Jun 1, 1981

The effect of metal chelators and other metabolic inhibitors on the growth of Bifidobacterium bifidus var. Pennsylvanicus

Clinical Biochemistry
A Bezkorovainy, N Topouzian


Bifidobacterium bifidus var. Pennsylvanicus, a microaerophilic anaerobe, was grown in the presence of several potential growth inhibitors with the aim of defining its growth requirements and metabolic peculiarities. The following had no effect on its growth: citrate, serum transferrin, serum albumin, colchicine, fluoro-acetate, malonate, and rotenone. The following substances inhibited the growth: fluoride, azide, arsenite, 2, 4-dinitrophenol, hemin, hemoglobin, lactoferrin, alpha, alpha'-bipyridyl, and 8-hydroxyquinoline. Ferrous iron was able to negate the inhibition achieved by alpha, alpha'-bipyridyl, and 8-hydroxyquinoline. It is concluded that iron, probably in its ferrous state, is an obligatory nutrient for the microorganism, and that iron-porphyrin system(s) may be essential for the metabolism of this organism. Because the microorganisms contained in addition to iron large quantities of Mn, Zn, and Cu, it is likely that these metalloelements are crucial for the normal growth of the organism. Growth inhibition by fluoride indicates that Mg-dependent enzymes may also be present in the microorganism.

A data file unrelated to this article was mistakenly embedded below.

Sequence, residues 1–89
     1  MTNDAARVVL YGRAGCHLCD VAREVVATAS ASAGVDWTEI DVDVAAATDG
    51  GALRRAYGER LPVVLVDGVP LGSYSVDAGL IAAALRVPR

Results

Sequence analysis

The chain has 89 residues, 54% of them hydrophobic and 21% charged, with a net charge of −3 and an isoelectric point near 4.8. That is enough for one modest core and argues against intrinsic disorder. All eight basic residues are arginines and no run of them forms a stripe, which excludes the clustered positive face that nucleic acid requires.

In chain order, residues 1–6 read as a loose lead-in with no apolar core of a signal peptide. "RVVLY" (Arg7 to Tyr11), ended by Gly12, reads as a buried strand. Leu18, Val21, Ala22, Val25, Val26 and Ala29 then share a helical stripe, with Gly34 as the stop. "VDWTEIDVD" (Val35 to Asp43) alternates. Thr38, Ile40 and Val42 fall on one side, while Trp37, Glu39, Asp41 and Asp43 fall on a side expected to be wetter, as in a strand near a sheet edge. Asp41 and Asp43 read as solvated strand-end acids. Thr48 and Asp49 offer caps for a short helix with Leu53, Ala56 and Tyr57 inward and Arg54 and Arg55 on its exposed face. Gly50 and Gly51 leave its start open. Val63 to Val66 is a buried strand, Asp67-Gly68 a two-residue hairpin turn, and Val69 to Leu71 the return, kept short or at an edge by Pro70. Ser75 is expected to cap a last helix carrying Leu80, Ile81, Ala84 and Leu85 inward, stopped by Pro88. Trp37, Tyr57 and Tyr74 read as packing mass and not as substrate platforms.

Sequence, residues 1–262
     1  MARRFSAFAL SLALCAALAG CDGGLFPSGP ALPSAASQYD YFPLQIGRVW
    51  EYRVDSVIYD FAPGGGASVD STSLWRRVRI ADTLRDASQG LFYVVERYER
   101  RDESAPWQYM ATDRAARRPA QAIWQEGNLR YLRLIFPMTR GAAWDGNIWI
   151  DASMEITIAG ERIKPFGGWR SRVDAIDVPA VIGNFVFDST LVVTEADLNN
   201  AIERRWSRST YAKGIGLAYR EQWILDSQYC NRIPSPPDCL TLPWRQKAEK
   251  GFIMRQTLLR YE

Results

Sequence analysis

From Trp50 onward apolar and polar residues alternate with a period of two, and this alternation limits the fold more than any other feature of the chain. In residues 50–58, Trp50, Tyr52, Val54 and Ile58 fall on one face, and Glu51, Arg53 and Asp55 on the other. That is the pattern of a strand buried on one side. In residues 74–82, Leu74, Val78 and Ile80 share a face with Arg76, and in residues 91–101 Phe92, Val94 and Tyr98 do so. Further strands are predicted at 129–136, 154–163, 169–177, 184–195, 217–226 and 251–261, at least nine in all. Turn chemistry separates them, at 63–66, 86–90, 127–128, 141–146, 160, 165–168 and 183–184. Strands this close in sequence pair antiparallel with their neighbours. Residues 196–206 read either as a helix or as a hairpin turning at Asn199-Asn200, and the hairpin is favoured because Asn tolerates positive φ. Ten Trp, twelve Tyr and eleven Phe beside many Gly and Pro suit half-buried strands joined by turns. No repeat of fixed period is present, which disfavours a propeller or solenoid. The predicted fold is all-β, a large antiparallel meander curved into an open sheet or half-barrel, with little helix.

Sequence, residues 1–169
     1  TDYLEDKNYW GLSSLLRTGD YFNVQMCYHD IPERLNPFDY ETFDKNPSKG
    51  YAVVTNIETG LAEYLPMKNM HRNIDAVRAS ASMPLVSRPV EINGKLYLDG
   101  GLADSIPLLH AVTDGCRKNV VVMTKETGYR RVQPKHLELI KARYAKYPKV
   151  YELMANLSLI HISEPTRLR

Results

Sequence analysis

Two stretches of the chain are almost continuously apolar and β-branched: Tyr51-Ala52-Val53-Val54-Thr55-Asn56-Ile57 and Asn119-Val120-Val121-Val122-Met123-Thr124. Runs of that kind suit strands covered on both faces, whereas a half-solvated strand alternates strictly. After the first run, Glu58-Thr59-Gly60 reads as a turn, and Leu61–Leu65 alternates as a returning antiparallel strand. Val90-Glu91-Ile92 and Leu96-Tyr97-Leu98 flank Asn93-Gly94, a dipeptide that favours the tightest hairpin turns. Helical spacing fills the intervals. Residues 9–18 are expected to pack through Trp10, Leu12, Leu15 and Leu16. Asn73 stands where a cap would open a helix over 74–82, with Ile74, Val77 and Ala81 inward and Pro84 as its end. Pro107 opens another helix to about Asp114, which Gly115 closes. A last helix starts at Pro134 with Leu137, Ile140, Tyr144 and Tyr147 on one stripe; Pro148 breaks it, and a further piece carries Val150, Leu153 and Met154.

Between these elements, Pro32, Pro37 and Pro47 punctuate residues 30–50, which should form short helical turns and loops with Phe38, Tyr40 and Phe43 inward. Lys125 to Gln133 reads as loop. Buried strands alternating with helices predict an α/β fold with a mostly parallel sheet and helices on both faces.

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  • References8
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Mentioned in this Paper

Metabolic Process, Cellular
Serum Albumin Measurement
Fluoride Measurement
Enzymes, antithrombotic
Serum Transferrin Measurement

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